To see Seattle playing well is no surprise and we can only hope that the next few teams in perform as well. That applies to both the field activity and attendance wise. Maybe the Pacific Northwest is such a soccer hotbed that on the field performance won’t matter too much. That will not be true in Philly where even Santa can be bored!

  12. Oscar, that may well be true. But you’re talking about a few thousand fans who made the trip while everyone is still high on the Sounders and the Sounders are second place in the league. I’m talking more about when if they were to only win a handful of games and don’t make the playoffs. Will there still be 20,000 proud season ticket holders the following year? Or will Qwest start to look more like Gillette.

  13. Well Joe, I think the plan is to make sure we don’t suck :) Seriously though, our owners, Hanauer and Roth particularly, wanted to do everything possible to make sure that we didn’t have a first bad season and they wanted to avoid “expansion team” levels of performance as much as possible. A lot of effort went into analyzing the problems that previous expansion teams faced and how those could be avoided. Hanauer literally traveled the world looking for players, making long trips to South America and Africa. Roth has made a commitment that everything about the team, from training facilities to ticketing to marketing will be top notch and he’s gotten a lot of help in that from the Seahawks organization. Sigi Schmid has noted publicly that his experience with the Sounders so far has been unique. If he says he needs something, the FO goes and gets it, no questions, no haggling. Those are the kind of thing that has made the difference so far.

  14. Don’t get me wrong, I hope they never have a bad year. I’m also hoping this is the first team to make a serious push to win the CONCACAF Champion’s League (in 2011).

  15. Joe in Indianapolis’s comments are very insightful about the Seattle Sounders and sense of community. That’s why we fought to keep the NASL/USL name “Sounders,” and why bringing Keller home was such a great move.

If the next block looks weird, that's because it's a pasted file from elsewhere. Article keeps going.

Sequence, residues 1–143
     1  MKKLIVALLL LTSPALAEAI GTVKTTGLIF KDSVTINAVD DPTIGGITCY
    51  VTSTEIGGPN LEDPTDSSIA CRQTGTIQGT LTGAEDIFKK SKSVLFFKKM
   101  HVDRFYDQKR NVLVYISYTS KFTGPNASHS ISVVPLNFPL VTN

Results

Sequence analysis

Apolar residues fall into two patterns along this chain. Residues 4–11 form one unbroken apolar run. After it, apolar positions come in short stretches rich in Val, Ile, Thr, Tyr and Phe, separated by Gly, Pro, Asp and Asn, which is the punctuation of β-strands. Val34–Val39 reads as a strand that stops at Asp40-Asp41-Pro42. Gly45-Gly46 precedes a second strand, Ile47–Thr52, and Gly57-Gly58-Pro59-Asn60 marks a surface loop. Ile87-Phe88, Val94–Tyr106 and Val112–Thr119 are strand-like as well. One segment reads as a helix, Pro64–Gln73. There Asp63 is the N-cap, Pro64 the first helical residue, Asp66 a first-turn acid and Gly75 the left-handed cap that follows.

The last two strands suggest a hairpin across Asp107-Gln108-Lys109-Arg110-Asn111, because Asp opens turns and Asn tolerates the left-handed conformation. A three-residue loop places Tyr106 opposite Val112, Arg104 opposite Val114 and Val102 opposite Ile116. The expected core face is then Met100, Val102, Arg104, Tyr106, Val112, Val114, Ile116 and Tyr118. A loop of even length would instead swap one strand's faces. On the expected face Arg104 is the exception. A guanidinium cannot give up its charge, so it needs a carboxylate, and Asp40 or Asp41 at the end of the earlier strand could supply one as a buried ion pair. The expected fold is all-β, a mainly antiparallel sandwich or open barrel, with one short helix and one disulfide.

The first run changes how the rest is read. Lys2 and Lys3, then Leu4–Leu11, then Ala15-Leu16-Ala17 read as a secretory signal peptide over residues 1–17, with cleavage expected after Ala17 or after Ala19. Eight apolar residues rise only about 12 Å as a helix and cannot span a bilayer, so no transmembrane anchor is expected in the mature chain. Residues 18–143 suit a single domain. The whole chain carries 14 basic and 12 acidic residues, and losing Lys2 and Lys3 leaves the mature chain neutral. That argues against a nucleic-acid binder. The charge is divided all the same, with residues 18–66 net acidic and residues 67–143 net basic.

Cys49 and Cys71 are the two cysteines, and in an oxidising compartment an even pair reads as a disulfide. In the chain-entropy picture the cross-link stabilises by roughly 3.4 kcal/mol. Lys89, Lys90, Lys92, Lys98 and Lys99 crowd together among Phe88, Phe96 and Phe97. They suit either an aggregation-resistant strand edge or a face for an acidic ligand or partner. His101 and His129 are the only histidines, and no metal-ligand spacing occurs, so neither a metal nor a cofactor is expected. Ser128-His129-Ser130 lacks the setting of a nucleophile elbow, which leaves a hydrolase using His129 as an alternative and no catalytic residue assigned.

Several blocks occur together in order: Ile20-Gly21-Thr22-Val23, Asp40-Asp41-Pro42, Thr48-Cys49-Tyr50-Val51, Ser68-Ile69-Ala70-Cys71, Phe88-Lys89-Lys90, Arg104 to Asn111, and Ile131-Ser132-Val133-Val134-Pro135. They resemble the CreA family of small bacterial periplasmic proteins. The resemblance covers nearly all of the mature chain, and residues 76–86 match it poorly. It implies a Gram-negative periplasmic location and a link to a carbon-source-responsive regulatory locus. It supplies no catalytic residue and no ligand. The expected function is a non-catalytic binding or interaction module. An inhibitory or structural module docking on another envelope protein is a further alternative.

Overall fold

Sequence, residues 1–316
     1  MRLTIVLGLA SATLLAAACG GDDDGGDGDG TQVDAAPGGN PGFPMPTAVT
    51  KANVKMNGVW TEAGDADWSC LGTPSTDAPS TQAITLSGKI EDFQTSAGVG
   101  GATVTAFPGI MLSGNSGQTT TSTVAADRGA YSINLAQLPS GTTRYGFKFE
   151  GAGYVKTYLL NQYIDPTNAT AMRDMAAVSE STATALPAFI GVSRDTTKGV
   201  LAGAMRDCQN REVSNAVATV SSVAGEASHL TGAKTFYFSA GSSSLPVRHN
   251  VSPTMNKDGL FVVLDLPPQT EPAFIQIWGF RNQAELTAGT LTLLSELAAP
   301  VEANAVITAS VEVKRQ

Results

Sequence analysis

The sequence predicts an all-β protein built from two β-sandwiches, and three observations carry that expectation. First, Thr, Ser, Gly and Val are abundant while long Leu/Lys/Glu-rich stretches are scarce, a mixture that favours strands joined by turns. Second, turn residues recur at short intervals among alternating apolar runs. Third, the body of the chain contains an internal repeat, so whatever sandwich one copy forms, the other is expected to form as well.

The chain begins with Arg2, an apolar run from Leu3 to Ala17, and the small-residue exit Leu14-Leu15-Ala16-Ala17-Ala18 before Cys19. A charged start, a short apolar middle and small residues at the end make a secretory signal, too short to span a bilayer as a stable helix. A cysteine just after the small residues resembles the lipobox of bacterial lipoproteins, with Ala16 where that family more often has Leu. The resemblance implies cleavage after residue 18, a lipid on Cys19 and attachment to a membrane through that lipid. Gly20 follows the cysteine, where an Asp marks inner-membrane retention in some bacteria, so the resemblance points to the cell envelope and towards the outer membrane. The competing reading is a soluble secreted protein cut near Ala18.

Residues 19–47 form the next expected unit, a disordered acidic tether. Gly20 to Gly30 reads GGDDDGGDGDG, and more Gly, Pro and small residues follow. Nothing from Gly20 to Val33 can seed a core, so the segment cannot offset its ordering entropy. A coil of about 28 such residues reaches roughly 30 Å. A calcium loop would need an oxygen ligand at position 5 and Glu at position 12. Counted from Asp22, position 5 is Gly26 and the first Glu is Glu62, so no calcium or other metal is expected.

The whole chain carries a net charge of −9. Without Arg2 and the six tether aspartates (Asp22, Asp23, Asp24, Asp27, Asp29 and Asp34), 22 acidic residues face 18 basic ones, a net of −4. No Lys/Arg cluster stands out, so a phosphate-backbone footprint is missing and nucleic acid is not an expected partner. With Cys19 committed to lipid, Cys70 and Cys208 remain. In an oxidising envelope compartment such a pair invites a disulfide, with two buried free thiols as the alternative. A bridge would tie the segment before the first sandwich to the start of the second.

Portland is going to be an outstanding addition because they have that same sense of community. Look out for 2011–the Portland fans will be nuts. They’ve traditionally been more energetic than Seattle fans, and will feel a keen need to make a big splash because of the rivalry with Seattle, and the standard Seattle fans are setting.

  16. Good conversation.

    I have not forgotten that the Sounders were an existing USL team. As Art pointed out, there are a few holdovers, 6 at last count, but only 3 are getting minutes. In the first 6 games(540 minutes), Nyassi has played 113, Scott 446 and Le Toux 366. Levesque and Graham have a total of 5 minutes and Eylander will be Keller’s backup all season. I think that adds up to Seattle being an expansion team.

    Correct me if I’m wrong, but the league mandated that all clubs were to have an academy and that academy graduates could be signed and not count towards the salary cap.

    The Marlins won in their 5th year. The Panthers made it to the Stanley Cup final in its 3rd year and have failed to make the playoffs in 10 of the 12 years since.
    It took the Heat 4 years to make the playoffs and and 17 years to win it all.
    The D-Backs are the exception, having won 100 games it its 2nd season and the Jags who made it to the conference final also in its 2nd year. Of course, the D-Backs early success came at an unsustainable financial cost that eventually led to the sale of the team.

    Is it true that the Sounders pay no rent? If so, how much does that contribute to the owners’ ability to create the structure you have described? I believe RBNY pays $100,000 per game for Giants Stadium or $1,500,000 for the regular season. You can buy a lot of perks for that money.

  17. Peter,

    Management of a team is just as important as the players. What you are forgetting is that Seattle has been able to navigate their team through the best and worst of times, and find themselves in the MLS now. The Sounders FC is one of the strongest managed teams in North America. I would chalk this up to success just as much as anything else.

  18. Peter C: Yes, that’s true. Since Paul Allen owns both Vulcan Sports Entertainment, which is a minority owner in the Sounders, and First and Goal, which operates Qwest, they’d be paying rent to themselves. It’s still something they could choose to do, but it would be needlessly draining money off of the Sounders’ books. But the deal is actually better than that because the Sounders get to control the revenue they raise from their games at Qwest. Basically, they’re getting all the benefits the smaller soccer-specific stadiums confer with the advantage of being able to increase capacity at will. If the Sounders continue to have a great season, I could definitely see thirty thousand season tickets sold next year.

    Not having to pay rent is part of what allows the Sounders to create that sort of atmosphere that Sigi has been so impressed with. It’s also what quelled any doubts MLS had about Qwest as a venue. But Joe Roth is the one who’s putting up the majority of the money to run the whole shebang and it’s his attitude and philosophy that sets the tone.